The way we’re going about signing up people to get vaccinated is inefficient, unfair, and not scalable. Let’s examine how we’re doing it, and talk about how governments can change course to create a process that improves equity and takes the burden of finding appointments off of individuals.
First, let’s take a look at how we’re currently approaching the process, so we can understand where it falls short. The federal government decided to leave the vaccination process to the states. Each state is handling it differently, but there are some common themes that emerge when you look across the country:
Prioritization — Every state has created a hierarchy of priority groups for getting the vaccine based on recommendations from the Centers for Disease Control. There are exceptions, but for the most part, these prioritization hierarchies put the elderly and frontline medical workers first, followed by those in various essential positions that expose them to greater risk of getting COVID. Those with medical conditions also typically will get prioritization.
Non-centralized distribution — Almost no states are running a centralized vaccination program. In many states, they have delegated the actual delivery of the vaccine to counties, hospitals, pharmacies, and other providers in local communities.
Online signup — As dosages become available, vaccination locations release new appointment availability for online signup.
As a result of this, the process of getting a vaccine is creating a tremendous amount of confusion. As new appointments open up, it’s not clear who is eligible. Appointments go to those who have the ability to sit in front of their computers and react quickly to emails about new appointment availability. The mad rush of a limited number of appointments opening creates a mad rush to sign up, often resulting in websites crashing, further frustrating people with the process.
Instead of this approach, governments should use a process that effectively manages demand and promotes equity by better controlling who gets access to the vaccine. Governments should allow people to sign up to get a vaccination and then tell them when and where they can get it, moving the burden off individuals with limited resources and on to a central authority that can prioritize vaccinations based on user-submitted data.
Here’s an illustration of how this could work.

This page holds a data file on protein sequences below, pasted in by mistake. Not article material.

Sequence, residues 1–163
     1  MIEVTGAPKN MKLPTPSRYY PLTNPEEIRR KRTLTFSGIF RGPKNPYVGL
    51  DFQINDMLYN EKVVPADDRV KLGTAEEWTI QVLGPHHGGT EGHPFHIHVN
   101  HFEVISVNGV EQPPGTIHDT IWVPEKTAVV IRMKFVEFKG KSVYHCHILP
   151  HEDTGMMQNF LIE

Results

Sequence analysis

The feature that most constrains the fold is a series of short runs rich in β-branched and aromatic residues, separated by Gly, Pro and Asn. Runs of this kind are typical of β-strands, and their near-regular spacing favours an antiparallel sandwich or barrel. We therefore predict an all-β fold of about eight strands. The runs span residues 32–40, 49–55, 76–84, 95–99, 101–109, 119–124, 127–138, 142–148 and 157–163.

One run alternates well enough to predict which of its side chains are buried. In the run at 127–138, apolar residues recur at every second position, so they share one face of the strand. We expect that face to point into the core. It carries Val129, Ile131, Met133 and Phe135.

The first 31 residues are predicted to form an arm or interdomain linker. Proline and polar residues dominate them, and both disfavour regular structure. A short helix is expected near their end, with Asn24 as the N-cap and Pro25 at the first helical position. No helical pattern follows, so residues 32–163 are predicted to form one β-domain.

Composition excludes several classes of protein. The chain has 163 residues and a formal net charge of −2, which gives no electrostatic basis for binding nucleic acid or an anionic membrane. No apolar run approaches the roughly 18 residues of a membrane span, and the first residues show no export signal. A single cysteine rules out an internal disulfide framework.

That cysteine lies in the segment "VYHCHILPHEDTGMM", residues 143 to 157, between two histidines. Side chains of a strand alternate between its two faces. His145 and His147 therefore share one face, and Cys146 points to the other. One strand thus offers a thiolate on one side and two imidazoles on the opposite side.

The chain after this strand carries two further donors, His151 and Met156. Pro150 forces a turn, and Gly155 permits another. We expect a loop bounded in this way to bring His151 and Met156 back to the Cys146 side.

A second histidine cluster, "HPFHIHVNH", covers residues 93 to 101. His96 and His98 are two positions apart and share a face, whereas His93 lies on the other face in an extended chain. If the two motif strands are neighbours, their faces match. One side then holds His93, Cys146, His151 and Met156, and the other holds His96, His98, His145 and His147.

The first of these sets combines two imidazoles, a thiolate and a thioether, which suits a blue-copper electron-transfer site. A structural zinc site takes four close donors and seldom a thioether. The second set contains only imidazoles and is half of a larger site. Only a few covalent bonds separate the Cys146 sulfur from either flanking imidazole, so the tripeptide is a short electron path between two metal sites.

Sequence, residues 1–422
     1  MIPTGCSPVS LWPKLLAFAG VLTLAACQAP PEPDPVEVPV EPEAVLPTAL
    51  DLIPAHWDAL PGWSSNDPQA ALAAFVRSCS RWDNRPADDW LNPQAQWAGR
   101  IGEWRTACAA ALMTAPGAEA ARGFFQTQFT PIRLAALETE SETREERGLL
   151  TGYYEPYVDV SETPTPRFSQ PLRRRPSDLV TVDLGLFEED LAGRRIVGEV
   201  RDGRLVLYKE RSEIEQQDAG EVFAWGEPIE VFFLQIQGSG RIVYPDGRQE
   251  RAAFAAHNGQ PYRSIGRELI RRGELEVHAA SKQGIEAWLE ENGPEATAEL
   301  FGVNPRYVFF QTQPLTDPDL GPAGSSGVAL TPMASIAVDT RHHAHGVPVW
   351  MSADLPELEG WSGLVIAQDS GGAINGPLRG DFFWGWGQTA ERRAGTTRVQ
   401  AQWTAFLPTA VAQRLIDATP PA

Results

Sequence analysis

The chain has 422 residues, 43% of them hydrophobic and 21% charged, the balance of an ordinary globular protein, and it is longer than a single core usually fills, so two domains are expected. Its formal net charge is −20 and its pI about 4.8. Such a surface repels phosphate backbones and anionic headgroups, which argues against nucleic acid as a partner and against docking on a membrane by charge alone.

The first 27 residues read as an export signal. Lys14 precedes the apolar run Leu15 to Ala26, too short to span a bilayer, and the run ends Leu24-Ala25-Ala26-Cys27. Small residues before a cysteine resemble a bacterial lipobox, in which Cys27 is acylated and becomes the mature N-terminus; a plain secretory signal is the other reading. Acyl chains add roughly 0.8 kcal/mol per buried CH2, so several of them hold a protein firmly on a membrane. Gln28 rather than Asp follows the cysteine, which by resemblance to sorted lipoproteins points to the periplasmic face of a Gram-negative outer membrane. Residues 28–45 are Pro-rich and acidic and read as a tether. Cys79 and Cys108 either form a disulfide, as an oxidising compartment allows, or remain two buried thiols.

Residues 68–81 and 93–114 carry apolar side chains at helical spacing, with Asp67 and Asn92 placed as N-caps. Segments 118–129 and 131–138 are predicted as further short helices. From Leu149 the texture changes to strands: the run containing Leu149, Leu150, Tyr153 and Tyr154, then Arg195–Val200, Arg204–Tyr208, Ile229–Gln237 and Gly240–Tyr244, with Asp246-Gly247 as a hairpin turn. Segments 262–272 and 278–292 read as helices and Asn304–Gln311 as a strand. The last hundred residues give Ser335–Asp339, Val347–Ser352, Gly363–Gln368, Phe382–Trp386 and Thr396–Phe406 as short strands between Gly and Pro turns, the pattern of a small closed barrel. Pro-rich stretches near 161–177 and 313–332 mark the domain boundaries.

Governments should create a single page for anyone to sign up to indicate their interest in getting the vaccine. This sign up should collect enough information to identify a person and triage them into a priority group. Once collected, this information is stored in a searchable database. A call center should be used to sign up those that do not have access to a computer.
As new vaccines become available, the government can search through the database and select individuals that meet the current prioritization criteria. For example, a government could filter so that the list is limited to anyone over the age of 65, or anyone with a specific medical condition.
The government can then send a private link to those selected giving them the ability to reserve an appointment. The private link would not require the person to enter information; it simply uses the information they previously entered, so the link can not be shared with others.
If this is done sufficiently in advance, the government can proactively reach out to additional people to ensure that all available vaccination appointments are filled. The government should take over scheduling for all facilities distributing the vaccine in its jurisdiction. For this reason, the best level for this to be applied is at the state level, but this could also work at a more local level as well.
This approach is efficient, in that people are only visiting sites to sign up if there are appointments available. This approach is also equitable, in that the government can decide the criteria by which people are prioritized, and ensure that vaccinations are equitably distributed.